DOD pressuring defense contractors to shore up computer networks
By CHARLIE REED | STARS AND STRIPES Published: October 13, 2010
YOKOTA AIR BASE, Japan — The Defense Department has ratcheted up pressure on the nation’s biggest defense contractors to better safeguard their computer networks — and the sensitive military information they contain.
A proposed DOD policy that would require contractors to implement a standard set of cybersecurity safeguarding and reporting measures for unclassified information is expected to be released in a report Wednesday. The Pentagon already has a similar plan for classified information in the works with the Defense Industrial Base Collaborative Information Sharing Environment program.
Still considered a pilot program after three years, the plan calls for companies and the Defense Department to share information about security breaches and how to fix them, said Jim Christy, director of futures exploration at the DOD Cyber Crime Center.
Currently, only the top 30 or so defense contractors are part of the program, he said, but the goal is to the expand it to many, if not all, of the 8,700 companies that do business with the military.
“It’s in everybody’s best interest to do this,” he said. “It’s not mandatory, but it’s coming.”
Last year, senior DOD officials “read the riot act” to top defense executives, telling them to step up cybersecurity at their companies or risk losing business with the military, said Herb Lin, chief scientist with the Computer Science and Telecommunications Board at the National Academies.
Private companies working for the military are hacker targets, experts said, not only for the data they hold — from classified plans for weapons systems to unclassified information about other military infrastructure — but also because they could be used as digital backdoors to the military networks with which they share data.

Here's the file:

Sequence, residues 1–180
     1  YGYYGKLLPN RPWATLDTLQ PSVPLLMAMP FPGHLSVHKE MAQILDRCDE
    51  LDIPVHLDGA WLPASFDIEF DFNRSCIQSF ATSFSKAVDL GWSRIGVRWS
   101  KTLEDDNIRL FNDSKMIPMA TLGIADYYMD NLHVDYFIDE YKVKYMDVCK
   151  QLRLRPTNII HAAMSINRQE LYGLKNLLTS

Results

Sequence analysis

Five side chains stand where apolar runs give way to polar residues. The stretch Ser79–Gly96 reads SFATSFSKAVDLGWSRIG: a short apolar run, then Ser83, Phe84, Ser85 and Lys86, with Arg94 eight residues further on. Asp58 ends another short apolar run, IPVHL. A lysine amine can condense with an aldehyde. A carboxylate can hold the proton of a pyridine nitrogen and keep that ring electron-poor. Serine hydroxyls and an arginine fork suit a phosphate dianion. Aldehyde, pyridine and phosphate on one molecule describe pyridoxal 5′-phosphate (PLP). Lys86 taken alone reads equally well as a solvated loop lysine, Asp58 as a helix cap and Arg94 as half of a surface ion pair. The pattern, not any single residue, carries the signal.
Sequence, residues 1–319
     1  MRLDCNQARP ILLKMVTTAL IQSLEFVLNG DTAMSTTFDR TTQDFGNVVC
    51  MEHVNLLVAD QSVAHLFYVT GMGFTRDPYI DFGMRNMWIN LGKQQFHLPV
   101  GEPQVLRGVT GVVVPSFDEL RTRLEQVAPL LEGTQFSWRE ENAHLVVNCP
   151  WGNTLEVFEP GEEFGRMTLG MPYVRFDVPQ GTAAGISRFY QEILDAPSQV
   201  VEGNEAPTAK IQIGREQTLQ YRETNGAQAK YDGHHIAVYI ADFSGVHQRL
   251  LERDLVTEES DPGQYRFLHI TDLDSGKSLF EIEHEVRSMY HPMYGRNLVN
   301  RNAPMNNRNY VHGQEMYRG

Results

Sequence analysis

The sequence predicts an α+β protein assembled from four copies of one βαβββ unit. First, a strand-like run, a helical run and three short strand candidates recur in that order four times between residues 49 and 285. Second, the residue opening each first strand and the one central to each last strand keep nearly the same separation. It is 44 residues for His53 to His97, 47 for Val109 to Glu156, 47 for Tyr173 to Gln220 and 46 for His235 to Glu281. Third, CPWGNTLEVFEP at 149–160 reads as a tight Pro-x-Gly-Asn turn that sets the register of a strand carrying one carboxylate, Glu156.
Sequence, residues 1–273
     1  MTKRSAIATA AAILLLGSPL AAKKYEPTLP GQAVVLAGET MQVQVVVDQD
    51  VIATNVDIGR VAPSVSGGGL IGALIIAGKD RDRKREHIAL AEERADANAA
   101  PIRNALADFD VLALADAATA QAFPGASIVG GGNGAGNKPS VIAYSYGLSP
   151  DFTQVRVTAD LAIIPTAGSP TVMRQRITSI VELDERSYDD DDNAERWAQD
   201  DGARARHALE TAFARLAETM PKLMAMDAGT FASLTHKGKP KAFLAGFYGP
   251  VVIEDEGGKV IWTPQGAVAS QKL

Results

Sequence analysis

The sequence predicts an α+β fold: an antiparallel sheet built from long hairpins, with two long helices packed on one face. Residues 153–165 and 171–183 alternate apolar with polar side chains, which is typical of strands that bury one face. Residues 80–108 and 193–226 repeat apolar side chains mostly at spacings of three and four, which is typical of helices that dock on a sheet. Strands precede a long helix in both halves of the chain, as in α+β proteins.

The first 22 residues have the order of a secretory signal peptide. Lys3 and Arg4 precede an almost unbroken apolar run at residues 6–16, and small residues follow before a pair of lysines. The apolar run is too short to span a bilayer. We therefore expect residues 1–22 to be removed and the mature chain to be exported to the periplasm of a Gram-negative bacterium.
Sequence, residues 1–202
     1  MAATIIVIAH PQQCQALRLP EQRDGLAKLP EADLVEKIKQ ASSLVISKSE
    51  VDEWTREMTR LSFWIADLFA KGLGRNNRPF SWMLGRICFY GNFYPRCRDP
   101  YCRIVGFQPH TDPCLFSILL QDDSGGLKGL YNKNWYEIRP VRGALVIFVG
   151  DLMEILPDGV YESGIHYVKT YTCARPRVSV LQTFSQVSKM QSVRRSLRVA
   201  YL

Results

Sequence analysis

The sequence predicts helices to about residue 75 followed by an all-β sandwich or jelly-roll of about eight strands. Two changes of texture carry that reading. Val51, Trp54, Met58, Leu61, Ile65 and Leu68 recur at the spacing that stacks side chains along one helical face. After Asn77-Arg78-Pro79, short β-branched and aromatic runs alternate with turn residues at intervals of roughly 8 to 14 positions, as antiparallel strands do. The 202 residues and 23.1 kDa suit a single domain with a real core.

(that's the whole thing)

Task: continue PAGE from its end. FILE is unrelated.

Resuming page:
The DOD Cyber Crime Center found that between August 2007 and August 2009, 71 contractors, government agencies, universities and think tanks affiliated with the military had been hacked, according to a February article in Forbes. Military officials would not disclose the nature of the incidents or whether they appear to be state-sponsored occurrences, the news organization reported.
Some contractors are doing better than others to shore up their systems against cyberattacks, said Alan Paller with SANS Institute, a nonprofit cybersecurity training and research outfit in Bethesda, Md., whose clients include the FBI and CIA. But efforts will remain piecemeal at best until the DOD mandates a change, he said.
Until then, security improvements are subject to negotiation between the military and its contractors, Lin said, and those compromises “could put national security at risk.”
For now, cyberthreats to defense contractors appear to be focused around spying on the companies not necessarily attacking them, experts have said. But, Lin warned, the same malicious programs used to infiltrate DOD-affiliated networks could be used to launch full-scale offensives that could disrupt, corrupt or take control of the computerized systems that power everything from the military’s global communications to the way its weapons are deployed.
A similar attack is thought to be playing out at an Iranian nuclear power plant, where a sophisticated computer worm known as Stuxnet has penetrated the facility’s industrial controls, according to various media reports in and outside of Iran. Stuxnet is now considered the first large-scale cyberattack on civilian infrastructure.
Computer security giant Symantec — which has been the leading source of public information regarding Stuxnet — has shared private information about the cyberworm with U.S. law enforcement, intelligence and military agencies, said Liam Murchu, manager of operations at Symantec Security Response.
“Something like Stuxnet could possibly affect national security,” he said.